Journal of Community Health

, Volume 42, Issue 5, pp 1044–1061 | Cite as

Medical Mistrust and Colorectal Cancer Screening Among African Americans

  • Leslie B. Adams
  • Jennifer Richmond
  • Giselle Corbie-Smith
  • Wizdom PowellEmail author


Despite well-documented benefits of colorectal cancer (CRC) screening, African Americans are less likely to be screened and have higher CRC incidence and mortality than Whites. Emerging evidence suggests medical mistrust may influence CRC screening disparities among African Americans. The goal of this systematic review was to summarize evidence investigating associations between medical mistrust and CRC screening among African Americans, and variations in these associations by gender, CRC screening type, and level of mistrust. MEDLINE, CINAHL, Web of Science, PsycINFO, Google Scholar, Cochrane Database, and EMBASE were searched for English-language articles published from January 2000 to November 2016. 27 articles were included for this review (15 quantitative, 11 qualitative and 1 mixed methods study). The majority of quantitative studies linked higher mistrust scores with lower rates of CRC screening among African Americans. Most studies examined mistrust at the physician level, but few quantitative studies analyzed mistrust at an organizational level (i.e. healthcare systems, insurance, etc.). Quantitative differences in mistrust and CRC screening by gender were mixed, but qualitative studies highlighted fear of experimentation and intrusiveness of screening methods as unique themes among African American men. Limitations include heterogeneity in mistrust and CRC measures, and possible publication bias. Future studies should address methodological challenges found in this review, such as limited use of validated and reliable mistrust measures, examination of CRC screening outcomes beyond beliefs and intent, and a more thorough analysis of gender roles in the cancer screening process.


Medical mistrust African Americans Colorectal cancer Preventive screening 



We thank Sarah Wright, MLS for her contributions to this manuscript.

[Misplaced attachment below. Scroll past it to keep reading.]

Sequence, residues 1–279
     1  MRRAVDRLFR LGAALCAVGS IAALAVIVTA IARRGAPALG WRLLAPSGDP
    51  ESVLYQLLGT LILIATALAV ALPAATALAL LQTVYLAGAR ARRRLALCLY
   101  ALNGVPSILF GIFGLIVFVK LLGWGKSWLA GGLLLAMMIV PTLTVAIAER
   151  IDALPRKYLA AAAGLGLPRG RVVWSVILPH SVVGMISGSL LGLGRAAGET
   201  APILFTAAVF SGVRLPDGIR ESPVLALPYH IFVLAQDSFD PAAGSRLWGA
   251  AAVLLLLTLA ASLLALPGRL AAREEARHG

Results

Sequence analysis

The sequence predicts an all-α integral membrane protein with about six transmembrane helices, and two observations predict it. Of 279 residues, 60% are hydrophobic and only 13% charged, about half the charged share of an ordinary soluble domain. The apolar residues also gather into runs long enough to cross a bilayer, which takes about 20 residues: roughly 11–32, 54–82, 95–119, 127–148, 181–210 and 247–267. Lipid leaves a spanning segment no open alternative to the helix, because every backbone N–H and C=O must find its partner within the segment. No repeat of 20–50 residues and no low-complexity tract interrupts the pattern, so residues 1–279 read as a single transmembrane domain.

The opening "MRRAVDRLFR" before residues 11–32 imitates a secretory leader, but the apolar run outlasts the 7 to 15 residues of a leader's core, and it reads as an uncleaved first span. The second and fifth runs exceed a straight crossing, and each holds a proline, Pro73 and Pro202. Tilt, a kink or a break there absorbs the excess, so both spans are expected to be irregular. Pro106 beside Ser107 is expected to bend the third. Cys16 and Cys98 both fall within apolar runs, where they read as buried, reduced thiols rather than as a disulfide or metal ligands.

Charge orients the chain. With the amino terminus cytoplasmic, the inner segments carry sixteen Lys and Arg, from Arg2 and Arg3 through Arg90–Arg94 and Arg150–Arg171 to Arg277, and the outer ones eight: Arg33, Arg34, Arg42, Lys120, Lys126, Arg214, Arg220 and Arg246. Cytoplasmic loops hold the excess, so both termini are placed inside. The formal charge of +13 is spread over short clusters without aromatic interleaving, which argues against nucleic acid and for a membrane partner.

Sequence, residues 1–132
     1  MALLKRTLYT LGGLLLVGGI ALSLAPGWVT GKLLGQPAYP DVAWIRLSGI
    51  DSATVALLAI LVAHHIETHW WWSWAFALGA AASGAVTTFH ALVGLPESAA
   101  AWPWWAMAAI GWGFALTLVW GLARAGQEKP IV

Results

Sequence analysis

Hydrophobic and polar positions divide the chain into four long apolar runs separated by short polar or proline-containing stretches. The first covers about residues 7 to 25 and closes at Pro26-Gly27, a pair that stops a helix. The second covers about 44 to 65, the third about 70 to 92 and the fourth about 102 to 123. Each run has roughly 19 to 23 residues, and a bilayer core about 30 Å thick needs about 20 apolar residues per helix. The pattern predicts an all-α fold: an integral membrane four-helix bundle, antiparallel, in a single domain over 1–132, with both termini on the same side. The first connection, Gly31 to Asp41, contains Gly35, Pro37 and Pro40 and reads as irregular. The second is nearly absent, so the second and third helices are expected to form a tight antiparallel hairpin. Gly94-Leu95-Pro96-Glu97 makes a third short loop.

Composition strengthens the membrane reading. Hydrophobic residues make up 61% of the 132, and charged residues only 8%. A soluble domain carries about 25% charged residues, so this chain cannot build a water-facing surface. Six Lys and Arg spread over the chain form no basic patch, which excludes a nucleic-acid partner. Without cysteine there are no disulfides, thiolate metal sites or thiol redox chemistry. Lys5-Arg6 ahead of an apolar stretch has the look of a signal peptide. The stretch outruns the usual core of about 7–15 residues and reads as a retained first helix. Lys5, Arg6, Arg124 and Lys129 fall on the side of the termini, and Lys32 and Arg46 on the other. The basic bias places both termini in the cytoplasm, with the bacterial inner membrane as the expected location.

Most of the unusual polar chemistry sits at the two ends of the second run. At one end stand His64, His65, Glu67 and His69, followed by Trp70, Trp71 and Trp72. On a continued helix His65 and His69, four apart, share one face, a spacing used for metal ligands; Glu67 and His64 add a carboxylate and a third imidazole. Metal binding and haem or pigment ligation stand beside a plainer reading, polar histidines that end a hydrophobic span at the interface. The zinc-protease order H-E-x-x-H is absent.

This research was partially supported by a National Service Research Award Pre-Doctoral Traineeship from the Agency for Healthcare Research and Quality sponsored by the Cecil G. Sheps Center for Health Services Research, University of North Carolina at Chapel Hill, Grant No. 5T32 HS000032-28.Wizdom Powell is supported by the National Center for Minority Health and Health Disparities (# L60 MD010134), National Institutes of Drug Abuse (#1K01 DA032611-01A1), and the National Cancer Institute (#5U54CA15673306-07). Additional support for Jennifer Richmond was provided by a grant from the Robert Wood Johnson Foundation Health Policy Research Scholars program (#73921).

Compliance with Ethical Standards

Conflict of interest

The authors declare that they have no conflict of interest.

Supplementary material

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Supplementary material 1 (DOCX 18 KB)


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Copyright information

© Springer Science+Business Media New York 2017

Authors and Affiliations

  • Leslie B. Adams
    • 1
  • Jennifer Richmond
    • 1
  • Giselle Corbie-Smith
    • 2
    • 3
  • Wizdom Powell
    • 1
    • 2
    Email author
  1. 1.Department of Health BehaviorUNC Gillings School of Global Public HealthChapel HillUSA
  2. 2.Center for Health Equity ResearchUniversity of North Carolina at Chapel HillChapel HillUSA
  3. 3.Department of Social MedicineUNC School of Medicine, University of North Carolina at Chapel HillChapel HillUSA

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